Reverse Mortgages

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How They Work – When Best Used

[By Staff Writers]

A reverse mortgage is a loan that pays the mortgagor (doctor-client) cash and at the same time does not require a payment. Instead, the loan accrues interest until the loan term is complete. The only security the mortgagee (lender) has is the home itself. It has no legal right to any asset or income. To visualize a reverse mortgage, think of it as having rising debt and falling equity. When you take out a reverse mortgage, you still own your home and are responsible for the upkeep, taxes, and insurance.

Several Options

There are many different payment options available. A doctor-client can get a lump sum at closing, periodic payments, a line of credit, or a combination of these three.


The costs of a reverse mortgage are very similar to a regular mortgage. The physician-client will have to pay many of the following: origination fees, closing costs, servicing fees, interest, and risk pooling fees.

Risk-pooling fees are a new type of fee unique to the reverse mortgage. It allows the mortgagee to self-insure loan losses due to varying circumstances.


According to expert Larry Fowler, CPA, CFP™, a great way to analyze the cost of reverse mortgages is to use the “Total Annual Loan Cost” (TALC) rate. The TALC rate is a rate equivalent to the amount of interest that must be charged on the cash received by the physician-client to grow the cash to the level of the final amount due at the end of the loan term. A physician needs to know three items to be able to calculate the TALC rate: the amount owed; the cash advances made to the borrower, and the term of the loan. The federal Truth-in-Lending laws now require lenders to give TALC rate projections for every reverse mortgage.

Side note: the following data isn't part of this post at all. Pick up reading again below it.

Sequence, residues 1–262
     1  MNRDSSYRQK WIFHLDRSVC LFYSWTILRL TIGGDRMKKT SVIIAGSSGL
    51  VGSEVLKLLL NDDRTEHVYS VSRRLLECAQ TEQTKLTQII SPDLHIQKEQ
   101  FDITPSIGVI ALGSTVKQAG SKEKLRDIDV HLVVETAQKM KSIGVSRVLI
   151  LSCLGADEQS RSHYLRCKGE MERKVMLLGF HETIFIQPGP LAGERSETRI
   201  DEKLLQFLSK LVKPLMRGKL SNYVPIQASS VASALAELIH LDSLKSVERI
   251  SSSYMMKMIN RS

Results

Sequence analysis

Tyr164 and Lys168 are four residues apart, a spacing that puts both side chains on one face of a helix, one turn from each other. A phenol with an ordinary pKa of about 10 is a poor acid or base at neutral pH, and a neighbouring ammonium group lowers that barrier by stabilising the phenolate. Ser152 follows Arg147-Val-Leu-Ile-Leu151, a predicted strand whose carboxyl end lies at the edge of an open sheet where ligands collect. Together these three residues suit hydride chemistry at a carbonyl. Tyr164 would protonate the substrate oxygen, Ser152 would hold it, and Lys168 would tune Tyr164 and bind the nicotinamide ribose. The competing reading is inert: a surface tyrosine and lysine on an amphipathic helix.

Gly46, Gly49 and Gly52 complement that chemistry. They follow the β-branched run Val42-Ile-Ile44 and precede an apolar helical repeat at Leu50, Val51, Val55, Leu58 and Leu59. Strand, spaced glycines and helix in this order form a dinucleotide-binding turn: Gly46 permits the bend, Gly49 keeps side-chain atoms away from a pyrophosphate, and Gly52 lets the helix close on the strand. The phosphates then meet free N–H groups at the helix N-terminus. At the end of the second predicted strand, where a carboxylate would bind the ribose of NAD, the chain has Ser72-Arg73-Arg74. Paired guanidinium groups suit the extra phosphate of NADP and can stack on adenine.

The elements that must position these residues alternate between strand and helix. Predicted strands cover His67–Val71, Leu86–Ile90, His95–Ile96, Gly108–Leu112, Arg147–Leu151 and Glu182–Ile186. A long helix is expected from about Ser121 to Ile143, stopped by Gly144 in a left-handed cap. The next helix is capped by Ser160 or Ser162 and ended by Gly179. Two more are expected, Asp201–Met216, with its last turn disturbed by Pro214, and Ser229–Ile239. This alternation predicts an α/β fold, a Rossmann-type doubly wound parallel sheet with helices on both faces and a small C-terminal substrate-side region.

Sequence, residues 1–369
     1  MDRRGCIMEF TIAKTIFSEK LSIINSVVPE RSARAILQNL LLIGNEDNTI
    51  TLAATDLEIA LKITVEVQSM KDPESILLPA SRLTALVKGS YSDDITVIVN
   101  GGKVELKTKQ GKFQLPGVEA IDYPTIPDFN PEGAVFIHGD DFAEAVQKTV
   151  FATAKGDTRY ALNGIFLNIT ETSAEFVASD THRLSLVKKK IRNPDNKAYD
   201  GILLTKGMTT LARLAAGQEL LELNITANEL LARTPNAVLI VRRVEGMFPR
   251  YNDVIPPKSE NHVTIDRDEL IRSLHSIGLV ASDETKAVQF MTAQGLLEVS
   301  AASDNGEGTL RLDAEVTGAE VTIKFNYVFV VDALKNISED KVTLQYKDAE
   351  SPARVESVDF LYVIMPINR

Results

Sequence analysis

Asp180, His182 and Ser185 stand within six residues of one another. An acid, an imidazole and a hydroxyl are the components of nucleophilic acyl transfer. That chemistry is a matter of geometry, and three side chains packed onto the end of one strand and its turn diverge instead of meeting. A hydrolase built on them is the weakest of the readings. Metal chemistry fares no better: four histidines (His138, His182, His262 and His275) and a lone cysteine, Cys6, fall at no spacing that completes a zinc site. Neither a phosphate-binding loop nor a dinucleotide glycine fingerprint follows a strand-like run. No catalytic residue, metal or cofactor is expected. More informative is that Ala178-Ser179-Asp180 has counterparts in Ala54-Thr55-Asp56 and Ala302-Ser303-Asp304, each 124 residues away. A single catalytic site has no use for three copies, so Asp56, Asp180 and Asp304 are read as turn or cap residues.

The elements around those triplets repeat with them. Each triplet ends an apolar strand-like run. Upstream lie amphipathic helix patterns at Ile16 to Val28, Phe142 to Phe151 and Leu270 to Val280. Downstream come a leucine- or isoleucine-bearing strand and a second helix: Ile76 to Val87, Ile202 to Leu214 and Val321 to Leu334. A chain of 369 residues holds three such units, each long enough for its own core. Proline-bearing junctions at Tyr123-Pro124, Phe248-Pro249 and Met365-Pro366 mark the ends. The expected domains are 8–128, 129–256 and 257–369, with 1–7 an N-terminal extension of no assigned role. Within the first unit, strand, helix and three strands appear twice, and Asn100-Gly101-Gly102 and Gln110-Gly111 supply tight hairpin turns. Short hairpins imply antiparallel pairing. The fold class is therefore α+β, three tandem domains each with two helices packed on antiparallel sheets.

Left-Over Provisions

Most reverse mortgages have provisions that explain how the leftover cash is distributed in the event that the home owner moves, sells the home, or dies. These provisions can become very important if any of the previous three situations occur. For this reason, it is very important that these provisions be clearly understood.



Reverse mortgages should be used when a physician needs extra money, plans to stay in his/her home for a long period of time, does not want to make payments, and does not want to sell his/her home and move to a different one. The reason a doctor should stay a long period of time is that the TALC rate is usually highest in the beginning of the loan and drops off in the latter part of the loan.


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2 Responses

  1. Reverse Mortgage Cons

    The fees on a reverse mortgage are the same as a traditional FHA mortgage but are higher than a conventional mortgage because of the insurance cost.

    The largest costs are:

    • FHA mortgage insurance.
    • Origination fee.
    • The loan balance gets larger over time and the value of the estate/inheritance may decrease over time.
    • Although Social Security and Medicare are not affected, Medicaid and other need-based government assistance can be affected if too much funds are withdrawn (and not spent) in one month.
    • The program is not well understood by most individuals. However, the availability of independent reverse mortgage counseling helps.



  2. The real estate scheme that bets on death

    It’s called en viager — think of it as a reverse mortgage. Here’s how it works:

    Instead of buying an apartment and moving into it, you buy an apartment owned and occupied by an elderly person. Based on the apartment owner’s age and life expectancy, and the value of the place, you calculate a bouquet — a lump sum paid to the owner — and agree to pay a set amount per month. Until the owner dies.

    If that’s tomorrow, lucky you. If the owner outlives you, your survivors — spouse, children, even grandchildren — must continue paying the monthly amount until she or he finally dies.



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